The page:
Culture

3 Simple and Cost-Effective Ways Nonprofits Can Start Increasing Employee Productivity Today

September 21, 2016

Nonprofits organizations face many challenges. With limited financial and people-power resources, they frequently are required to do more with less. Finding cost-effective ways to keep their employees engaged and productive is key to any nonprofit organization’s success. 

Whatever the organization’s mission, employees who are more productive are going to be that much better able to support the nonprofit in reaching their goals. Here are three simple, cost-effective ways nonprofits can work to increase productivity in the workplace:

1) Improve employee engagement
Engaged employees are productive employees.  Start by finding out directly from your team what they need from you to become more engaged. This can be done easily and cheaply through a group brainstorming meeting or a free online survey program. Once you are provided this feedback, take steps to implement any measures that work for your organization.  Let your employees know your plan to improve engagement and get their feedback at regular intervals to assess how it’s working.

2) Avoid employee burnout
Encourage your employees to take regular breaks and utilize their vacation time. Employees who take time away from work often have a higher level of productivity in their day-to-day job and are less likely to burn out in the long run. It is a cost-effective strategy that yields big results. Here are a couple of tips to get your employees to step away:

  • Create a vacation or personal time off (PTO) policy that makes sense for your organization. Be sure to not only create the policy but to encourage your team to actually use it.
  •  Set a good example. Like many aspects of the organization, having a good work/life balance requires an example that starts from the top down. Leadership members who do not use their vacation can create the idea within the team that taking time off is frowned upon. 
  • Encourage your team to take small breaks throughout the day. Even if they are, for example, running a large event or on an assignment that requires constant attention, (such as hosting a fundraiser or participating in a project with volunteers), make it a point to have some coverage for them to take proper breaks. This will allow them to rest and rejuvenate so they can come back stronger and better able to do a great job.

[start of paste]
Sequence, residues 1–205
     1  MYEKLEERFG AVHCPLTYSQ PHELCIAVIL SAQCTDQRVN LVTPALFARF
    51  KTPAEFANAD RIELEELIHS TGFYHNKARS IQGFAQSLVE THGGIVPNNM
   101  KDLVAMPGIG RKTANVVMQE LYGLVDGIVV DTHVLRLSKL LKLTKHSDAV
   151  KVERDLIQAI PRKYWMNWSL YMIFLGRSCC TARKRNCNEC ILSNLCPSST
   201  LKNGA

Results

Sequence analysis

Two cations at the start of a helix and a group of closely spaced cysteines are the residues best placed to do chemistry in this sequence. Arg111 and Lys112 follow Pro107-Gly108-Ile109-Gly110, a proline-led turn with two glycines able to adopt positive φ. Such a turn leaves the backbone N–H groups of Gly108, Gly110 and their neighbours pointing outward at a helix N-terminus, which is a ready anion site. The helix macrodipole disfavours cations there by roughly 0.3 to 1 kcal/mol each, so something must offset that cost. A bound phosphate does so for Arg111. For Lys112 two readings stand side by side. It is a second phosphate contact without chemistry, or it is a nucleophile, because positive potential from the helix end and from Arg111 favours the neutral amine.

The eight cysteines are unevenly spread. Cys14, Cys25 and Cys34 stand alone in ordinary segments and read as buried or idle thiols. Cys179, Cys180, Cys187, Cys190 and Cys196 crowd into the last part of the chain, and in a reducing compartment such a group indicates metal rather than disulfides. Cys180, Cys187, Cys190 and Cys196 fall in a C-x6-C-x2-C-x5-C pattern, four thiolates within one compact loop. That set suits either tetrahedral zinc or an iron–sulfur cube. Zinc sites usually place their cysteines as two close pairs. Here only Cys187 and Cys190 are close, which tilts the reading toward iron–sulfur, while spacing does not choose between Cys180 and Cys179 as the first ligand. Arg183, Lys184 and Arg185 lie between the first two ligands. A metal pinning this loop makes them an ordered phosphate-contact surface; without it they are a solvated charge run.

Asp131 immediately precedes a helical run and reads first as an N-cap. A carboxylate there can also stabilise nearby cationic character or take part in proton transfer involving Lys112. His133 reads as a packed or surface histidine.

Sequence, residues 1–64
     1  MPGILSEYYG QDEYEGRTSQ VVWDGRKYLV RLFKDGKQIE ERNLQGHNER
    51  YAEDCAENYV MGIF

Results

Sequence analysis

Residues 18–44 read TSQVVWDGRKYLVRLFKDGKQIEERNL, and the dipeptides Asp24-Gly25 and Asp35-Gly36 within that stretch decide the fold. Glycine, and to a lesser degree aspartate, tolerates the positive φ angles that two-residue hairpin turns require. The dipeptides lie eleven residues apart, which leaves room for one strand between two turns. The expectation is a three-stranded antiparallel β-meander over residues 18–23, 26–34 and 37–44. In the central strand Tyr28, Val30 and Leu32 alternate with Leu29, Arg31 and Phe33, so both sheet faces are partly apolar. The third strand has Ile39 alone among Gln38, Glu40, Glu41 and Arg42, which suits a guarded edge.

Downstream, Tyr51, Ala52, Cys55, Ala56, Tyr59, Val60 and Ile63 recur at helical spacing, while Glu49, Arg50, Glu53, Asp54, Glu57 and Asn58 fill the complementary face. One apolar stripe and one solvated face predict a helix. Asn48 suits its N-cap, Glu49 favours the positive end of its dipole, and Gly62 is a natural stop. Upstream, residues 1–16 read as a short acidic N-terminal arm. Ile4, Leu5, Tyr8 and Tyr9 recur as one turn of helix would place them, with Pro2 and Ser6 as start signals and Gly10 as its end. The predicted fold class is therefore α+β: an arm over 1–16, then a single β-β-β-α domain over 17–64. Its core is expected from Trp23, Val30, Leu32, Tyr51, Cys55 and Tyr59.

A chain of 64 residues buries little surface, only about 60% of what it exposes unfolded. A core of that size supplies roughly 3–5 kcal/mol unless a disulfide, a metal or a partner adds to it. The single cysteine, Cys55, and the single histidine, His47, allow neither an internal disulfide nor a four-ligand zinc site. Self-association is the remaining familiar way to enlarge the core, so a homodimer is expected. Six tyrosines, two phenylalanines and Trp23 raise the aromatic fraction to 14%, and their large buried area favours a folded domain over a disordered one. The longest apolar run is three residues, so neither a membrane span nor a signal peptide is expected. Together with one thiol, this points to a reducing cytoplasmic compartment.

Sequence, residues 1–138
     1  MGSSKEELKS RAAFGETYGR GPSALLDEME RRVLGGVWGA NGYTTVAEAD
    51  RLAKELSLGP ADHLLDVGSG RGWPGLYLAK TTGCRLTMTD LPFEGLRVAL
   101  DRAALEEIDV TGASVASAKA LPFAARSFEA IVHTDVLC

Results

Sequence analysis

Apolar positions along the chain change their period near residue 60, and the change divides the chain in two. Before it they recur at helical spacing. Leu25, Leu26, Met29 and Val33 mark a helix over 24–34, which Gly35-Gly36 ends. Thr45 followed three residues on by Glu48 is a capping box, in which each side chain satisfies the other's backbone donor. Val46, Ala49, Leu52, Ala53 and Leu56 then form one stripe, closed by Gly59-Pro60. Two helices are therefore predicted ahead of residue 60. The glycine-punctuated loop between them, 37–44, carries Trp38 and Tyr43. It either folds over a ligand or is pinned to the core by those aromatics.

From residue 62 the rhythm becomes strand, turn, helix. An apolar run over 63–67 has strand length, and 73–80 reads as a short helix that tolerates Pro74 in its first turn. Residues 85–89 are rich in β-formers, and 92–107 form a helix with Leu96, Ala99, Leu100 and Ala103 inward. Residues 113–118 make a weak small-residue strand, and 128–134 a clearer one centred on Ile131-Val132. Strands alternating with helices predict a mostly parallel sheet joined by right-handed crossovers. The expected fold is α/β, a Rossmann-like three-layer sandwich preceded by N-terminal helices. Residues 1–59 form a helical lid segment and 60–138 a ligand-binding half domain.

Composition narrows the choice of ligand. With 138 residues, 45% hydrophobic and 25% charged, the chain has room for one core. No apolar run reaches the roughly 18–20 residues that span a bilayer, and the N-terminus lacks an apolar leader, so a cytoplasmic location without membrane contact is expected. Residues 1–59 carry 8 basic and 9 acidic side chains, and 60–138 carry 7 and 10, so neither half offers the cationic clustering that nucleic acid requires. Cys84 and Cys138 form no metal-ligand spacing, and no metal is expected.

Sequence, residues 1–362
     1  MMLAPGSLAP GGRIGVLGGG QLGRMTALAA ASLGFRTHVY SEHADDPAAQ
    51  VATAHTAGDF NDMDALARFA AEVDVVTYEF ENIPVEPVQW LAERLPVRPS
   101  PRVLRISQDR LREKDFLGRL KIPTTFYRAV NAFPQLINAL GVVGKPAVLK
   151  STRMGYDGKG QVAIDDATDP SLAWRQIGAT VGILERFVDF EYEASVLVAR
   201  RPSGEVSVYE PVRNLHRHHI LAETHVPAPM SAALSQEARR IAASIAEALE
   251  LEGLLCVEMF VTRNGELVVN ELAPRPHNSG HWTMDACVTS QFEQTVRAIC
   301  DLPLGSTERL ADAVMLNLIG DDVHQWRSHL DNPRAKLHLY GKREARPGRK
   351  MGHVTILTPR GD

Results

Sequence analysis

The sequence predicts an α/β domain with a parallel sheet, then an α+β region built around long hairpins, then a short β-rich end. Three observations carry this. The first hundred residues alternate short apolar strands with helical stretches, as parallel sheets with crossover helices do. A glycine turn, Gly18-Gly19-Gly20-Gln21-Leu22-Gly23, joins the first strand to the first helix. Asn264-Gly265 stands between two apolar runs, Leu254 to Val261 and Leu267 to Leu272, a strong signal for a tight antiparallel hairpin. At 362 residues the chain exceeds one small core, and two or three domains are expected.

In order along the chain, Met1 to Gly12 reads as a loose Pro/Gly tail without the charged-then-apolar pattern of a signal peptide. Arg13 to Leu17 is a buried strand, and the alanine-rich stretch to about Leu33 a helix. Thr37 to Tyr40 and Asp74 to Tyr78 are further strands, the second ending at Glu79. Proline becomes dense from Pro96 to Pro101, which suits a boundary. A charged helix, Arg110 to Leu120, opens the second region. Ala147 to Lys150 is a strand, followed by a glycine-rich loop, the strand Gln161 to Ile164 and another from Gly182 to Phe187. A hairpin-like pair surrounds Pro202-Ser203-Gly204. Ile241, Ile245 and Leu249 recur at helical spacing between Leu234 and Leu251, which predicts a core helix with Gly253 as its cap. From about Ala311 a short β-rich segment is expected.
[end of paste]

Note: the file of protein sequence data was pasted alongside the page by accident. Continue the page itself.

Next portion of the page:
3) Implement a performance management process that works
Research shows that performance management works best when it is ongoing and consistent. The best systems are easy-to-use and include feedback to employees more than once a year. Using a regular, ongoing performance management system ensures that employees understand how they are performing against the expectations of the organization.  It also provides the organization an opportunity to be sure that work is being completed effectively and in line with the mission.

When it comes to creating and implementing these processes or any other, take the time to think through what is best for your particular organization, your employees and your mission.

This communication is for informational purposes only; it is not legal, tax or accounting advice; and is not an offer to sell, buy or procure insurance.

This post may contain hyperlinks to websites operated by parties other than TriNet. Such hyperlinks are provided for reference only. TriNet does not control such web sites and is not responsible for their content. Inclusion of such hyperlinks on TriNet.com does not necessarily imply any endorsement of the material on such websites or association with their operators.

By Allison Amador

Allison Amador is a senior human capital consultant at TriNet.

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